Experimenting with EBS, Film Swaps, Cross-Processing, and Digital Infrared.

I have a bit more time on my hands at the moment so I have been playing 🙂

Firstly, I have swapped a few films with friends where I have exposed them first, they will then expose them again. I have sent out some 35mm redscale to be exposed on the ‘normal’ side (also known as EBS for expose both sides), some 120 films to be double exposed, and an APS where I returned the symbol to 1 after shooting. Secondly, I took out one of my older digital cameras.

I got a link back from thegladsatsuma_onfilm who received one of the films I sent out. I say sent out, but I gave her the film on a day trip to Blackpool that we took together with another friend. She completed the film while we wandered around and then near her home later that day. I had prepared a Kodak Ultramax for redscale shooting at 100asa and then filled it with flowers and patterns. I marked the first frame location on the film so she could try to match the shots. I then flipped the film back the right way and she shot it at 400asa.

📷 My camera: Canon AE1
📷 Clare’s camera: Voigtlander Vito BL.
🎞️ Kodak Ultramax
Dev&scan:  Photo Hippo

Here are most of the results.

Clare likes them a lot, I like them…but not quite as much. I think the normal side needs to be more prominent or the red side to be less so, take your pick. If you look at Clare’s Instagram feed she is more experimental than I am and is very good at it. My photos tend to look as intended, with fewer double exposures. Recently I have tried to lean a bit more towards the experimental side, hence this post. I think it is her influence.

I tried another experiment on the same day Clare completed her side of the film above. A while ago I received two random 120 films in a job lot film purchase from the bay. I hadn’t heard of the films and had to research what to do with them. The research suggested that they were slide films that would suit cross processing. As Clare was helping me with the film above, I gave one of the films to her. I kept one for myself and used it in Blackpool. The film was Lomography X-Pro 200. The film was discontinued in 2018 so this one was expired.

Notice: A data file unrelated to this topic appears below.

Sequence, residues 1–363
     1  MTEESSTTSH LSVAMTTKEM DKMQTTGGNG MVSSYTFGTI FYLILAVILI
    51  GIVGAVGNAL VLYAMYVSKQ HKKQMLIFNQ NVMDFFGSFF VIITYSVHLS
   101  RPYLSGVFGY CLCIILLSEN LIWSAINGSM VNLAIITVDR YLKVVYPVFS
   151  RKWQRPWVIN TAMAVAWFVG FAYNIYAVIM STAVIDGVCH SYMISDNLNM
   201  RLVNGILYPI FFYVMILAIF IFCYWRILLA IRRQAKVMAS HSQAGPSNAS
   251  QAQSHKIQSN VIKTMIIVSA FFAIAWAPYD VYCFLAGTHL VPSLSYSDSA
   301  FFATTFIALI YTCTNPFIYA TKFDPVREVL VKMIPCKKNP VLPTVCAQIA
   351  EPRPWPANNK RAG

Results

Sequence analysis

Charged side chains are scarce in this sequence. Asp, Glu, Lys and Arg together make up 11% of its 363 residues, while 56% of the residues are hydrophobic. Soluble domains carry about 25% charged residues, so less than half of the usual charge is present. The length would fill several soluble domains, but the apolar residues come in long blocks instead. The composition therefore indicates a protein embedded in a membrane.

One of the reviews of the film I read suggested using a blue filter to tame the yellow tint. For that reason, I decided to use my Holga CFN which had a blue flash option. As you can see in the blue photo below, that didn’t work out at all. That was a double exposure which meant the flash fired twice, but it is still well underexposed. There were a couple of other shots of my friends taken in the same manner, but they looked so awful I promised not to post them 🙂 The post linked also suggested putting a UV filter on the lens to help with sharpness, I did do that and I think it helped.

There are two shots of a hydrangea plant, on that outside shot, you can see it has worked. One of the shots is with the blue flash and one without, that one is yellow. So as long as the flash is within a meter of the subject a blue flash does cancel the yellow. But what about the other shots, the outside ones, there is no yellow tint. The results are a bit of a hit or miss with colours. Clare likes them 🙂